That they must be lawfully called thereunto is demonstrated by the following: Paul and Barnabas (called a prophet and a teacher, Acts 13:1, 2; and an apostle, Acts 14:14) were sent by order and determination of the classical assembly of Antioch to the Synod of Jerusalem, and they submitted themselves to the determination, Acts 15:2, 3, which they could not have as apostles, but as elders and members of the presbytery of Antioch.
Question 3.—When it shall be deemed expedient, may other fit persons, be members of those assemblies we call synodical?
Answer.—Yes. Acts 15:7, 12, 23, 25. The end of synodical assemblies being to root out heresies, redress abuses, and deliberate upon the common affairs, which is not the proper charge of elders only, but is common also to others endued with knowledge of the Scriptures, this office to be performed in councils or synods, is common to the whole church. Ministers in synodical assemblies do not feed as pastors, but as delegates from their churches they take heed that no corruption in doctrine, nor abuse in manners creeps in. That other persons, besides office bearers may have decisive voice in synodical assemblies, provided they are endued with gifts sufficient and freely chosen by the churches within the bounds of the assembly is cleared in Acts 15:23, 25.
Question 4.—Wherein does it appear that synodical assemblies may lawfully be of several sorts, as provincial, national, and oecumenical?
Answer.—The word used in Acts 15:6, Συνήχθησάν [Sunechthesan], “came together” or “synoded,” signifies a public convention of people. The term synod is appropriated to ecclesiastical assemblies above classical presbyteries in number and power. These synodal assemblies are made up (as occasion and the necessity of the Church require): Either of presbyters, sent from the several classical presbyteries within a province, hence called provincial synods; or of presbyters sent from several provincial synods within a nation, hence called national synods; or of presbyters, delegated or sent from several national churches, hence called ecumenical synods. All synods are of the same nature and kind. Though they differ as lesser or greater, in respect of extent from one another (the provincial having as full power within their bounds, as the national or ecumenical within theirs), so that having proved the divine right of synods indefinitely and in general, also proves the divine right of provincial, national, and ecumenical synods in particular.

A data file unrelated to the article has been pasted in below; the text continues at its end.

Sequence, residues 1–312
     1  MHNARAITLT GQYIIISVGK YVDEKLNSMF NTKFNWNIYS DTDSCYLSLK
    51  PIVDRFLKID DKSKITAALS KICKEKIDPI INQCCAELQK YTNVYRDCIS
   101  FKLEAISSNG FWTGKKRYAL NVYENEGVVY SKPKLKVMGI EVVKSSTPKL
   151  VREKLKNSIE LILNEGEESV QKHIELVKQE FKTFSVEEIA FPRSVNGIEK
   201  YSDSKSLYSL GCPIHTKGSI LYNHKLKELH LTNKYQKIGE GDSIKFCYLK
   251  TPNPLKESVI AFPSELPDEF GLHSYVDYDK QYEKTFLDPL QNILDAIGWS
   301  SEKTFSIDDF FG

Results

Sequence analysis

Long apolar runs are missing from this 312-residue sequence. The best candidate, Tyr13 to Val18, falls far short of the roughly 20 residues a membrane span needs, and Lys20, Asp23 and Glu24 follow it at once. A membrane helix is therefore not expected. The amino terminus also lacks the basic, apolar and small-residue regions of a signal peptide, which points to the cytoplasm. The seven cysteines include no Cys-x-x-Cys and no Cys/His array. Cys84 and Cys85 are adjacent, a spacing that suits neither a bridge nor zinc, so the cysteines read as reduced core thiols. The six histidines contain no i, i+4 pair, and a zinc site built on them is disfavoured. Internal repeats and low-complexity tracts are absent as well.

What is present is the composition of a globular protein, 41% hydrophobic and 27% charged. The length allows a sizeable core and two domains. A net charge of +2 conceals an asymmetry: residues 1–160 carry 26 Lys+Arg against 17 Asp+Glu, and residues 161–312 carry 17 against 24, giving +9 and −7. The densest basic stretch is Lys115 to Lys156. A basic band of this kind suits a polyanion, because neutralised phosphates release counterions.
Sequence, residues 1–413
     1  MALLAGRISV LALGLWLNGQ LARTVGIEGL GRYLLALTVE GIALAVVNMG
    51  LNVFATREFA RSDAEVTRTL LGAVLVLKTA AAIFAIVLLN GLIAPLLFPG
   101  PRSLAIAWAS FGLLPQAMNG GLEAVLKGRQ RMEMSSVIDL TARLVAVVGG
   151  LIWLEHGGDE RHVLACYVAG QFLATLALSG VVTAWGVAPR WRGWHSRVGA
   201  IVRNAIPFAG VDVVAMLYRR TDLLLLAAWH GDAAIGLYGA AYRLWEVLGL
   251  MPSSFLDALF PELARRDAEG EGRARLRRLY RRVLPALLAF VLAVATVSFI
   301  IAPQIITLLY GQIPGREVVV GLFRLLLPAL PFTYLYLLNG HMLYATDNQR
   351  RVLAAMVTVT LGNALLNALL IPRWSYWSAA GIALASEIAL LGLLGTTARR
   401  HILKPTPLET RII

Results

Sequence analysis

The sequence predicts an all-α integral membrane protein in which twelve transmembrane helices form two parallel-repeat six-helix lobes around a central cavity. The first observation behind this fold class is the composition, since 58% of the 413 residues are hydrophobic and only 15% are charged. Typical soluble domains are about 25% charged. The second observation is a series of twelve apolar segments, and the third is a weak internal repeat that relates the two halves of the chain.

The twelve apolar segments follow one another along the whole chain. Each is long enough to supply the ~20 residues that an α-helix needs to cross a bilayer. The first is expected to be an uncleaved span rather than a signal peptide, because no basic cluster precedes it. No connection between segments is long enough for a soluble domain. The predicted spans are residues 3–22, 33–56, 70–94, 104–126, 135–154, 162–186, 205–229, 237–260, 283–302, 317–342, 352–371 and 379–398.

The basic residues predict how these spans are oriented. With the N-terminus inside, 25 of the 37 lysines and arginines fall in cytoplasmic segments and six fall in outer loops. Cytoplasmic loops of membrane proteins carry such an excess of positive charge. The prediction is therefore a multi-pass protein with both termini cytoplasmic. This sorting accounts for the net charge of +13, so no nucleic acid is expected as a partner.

Question 5.—Is it lawful, and agreeable to the word of God, that there be a subordination of congregational, classical, provincial, and national assemblies, for the government of the church?
Answer.—Yes. Acts 15:6. This is made evident for the following reasons: 1.) The light of nature teaches that the greater courts and jurisdictions have power over the lesser in the commonwealth. 2.) The Jewish church government was such that though they had synagogues in every city, yet they were subordinate to the supreme ecclesiastical court at Jerusalem, Deut. 17:8, 12; 2 Chron. 19:8, 11; Ex. 18:22-26. 3.) Christ teaches this principle of subordination in his institution of gradual appeals, Matt. 18:17, 18. 4.) The primitive apostolic pattern demonstrates this principle in the appeal, Acts 15:2, the Church of Antioch was subordinate to the Synod of Jerusalem, Acts 16:4.
 Acts 15:2, 6, 22, 23.